The God of Small Things by Arundhati Roy

* The God of Small Things (1997) is the debut novel of Indian writer Arundhati Roy. 

* It is a story about the childhood experiences of fraternal twins whose lives are destroyed by the "Love Laws" that lay down "who should be loved, and how. And how much.

* The book is a description of how the small things in life affect people's behaviour and their lives. The book won the Booker Prize in 1997.

* The God of Small Things is Roy's first book and, as of 2013, is her only novel. Completed in 1996, the book took four years to write. 

* The potential of the story was first recognized by Pankaj Mishra, an editor with HarperCollins, who sent it to three British publishers.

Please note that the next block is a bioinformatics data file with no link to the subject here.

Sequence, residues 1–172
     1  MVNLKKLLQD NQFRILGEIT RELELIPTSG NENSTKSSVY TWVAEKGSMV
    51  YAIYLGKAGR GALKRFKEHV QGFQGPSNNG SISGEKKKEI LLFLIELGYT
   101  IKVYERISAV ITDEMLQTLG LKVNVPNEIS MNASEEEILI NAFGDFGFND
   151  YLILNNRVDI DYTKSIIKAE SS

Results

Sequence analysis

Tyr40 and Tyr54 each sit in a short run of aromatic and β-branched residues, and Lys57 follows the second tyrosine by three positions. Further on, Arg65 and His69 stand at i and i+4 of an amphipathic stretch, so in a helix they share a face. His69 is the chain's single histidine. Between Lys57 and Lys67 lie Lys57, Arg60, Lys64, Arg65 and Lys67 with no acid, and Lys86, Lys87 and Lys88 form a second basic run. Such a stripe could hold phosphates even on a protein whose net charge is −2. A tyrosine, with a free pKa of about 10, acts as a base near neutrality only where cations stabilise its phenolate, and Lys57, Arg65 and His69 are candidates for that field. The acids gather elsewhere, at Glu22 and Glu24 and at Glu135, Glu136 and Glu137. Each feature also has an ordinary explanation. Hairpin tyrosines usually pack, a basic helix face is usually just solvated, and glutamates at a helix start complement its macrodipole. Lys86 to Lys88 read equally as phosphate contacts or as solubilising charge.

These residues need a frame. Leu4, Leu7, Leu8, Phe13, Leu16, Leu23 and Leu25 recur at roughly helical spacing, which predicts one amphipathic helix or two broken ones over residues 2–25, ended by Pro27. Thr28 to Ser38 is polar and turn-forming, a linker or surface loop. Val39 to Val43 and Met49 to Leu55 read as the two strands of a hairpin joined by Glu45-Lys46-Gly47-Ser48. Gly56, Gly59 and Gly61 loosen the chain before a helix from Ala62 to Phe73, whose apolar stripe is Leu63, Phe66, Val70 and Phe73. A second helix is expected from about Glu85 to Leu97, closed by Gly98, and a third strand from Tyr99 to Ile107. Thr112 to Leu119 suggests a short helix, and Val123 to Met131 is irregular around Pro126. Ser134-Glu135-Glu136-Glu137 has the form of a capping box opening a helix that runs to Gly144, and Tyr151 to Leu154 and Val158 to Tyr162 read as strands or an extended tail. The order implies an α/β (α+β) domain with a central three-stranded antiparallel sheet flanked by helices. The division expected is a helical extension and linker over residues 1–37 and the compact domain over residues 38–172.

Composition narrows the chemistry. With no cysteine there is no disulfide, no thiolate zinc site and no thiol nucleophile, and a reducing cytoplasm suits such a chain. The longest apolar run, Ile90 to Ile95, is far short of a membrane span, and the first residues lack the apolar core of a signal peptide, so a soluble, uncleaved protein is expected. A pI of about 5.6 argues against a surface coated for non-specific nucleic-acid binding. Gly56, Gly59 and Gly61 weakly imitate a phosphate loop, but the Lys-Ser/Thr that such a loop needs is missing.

* Roy received half-a-million pounds in advances, and rights to the book were sold in 21 countries.

* While generally praised, the book did receive some criticism for its verbosity and controversial subject matter.

* Indian history and politics shape the plot and meaning of The God of Small Things in a variety of ways. Some of Roy's commentary is on the surface, with jokes and snippets of wisdom about political realities in India. However, the novel also examines the historical roots of these realities and develops profound insights into the ways in which human desperation and desire emerge from the confines of a firmly entrenched caste society.

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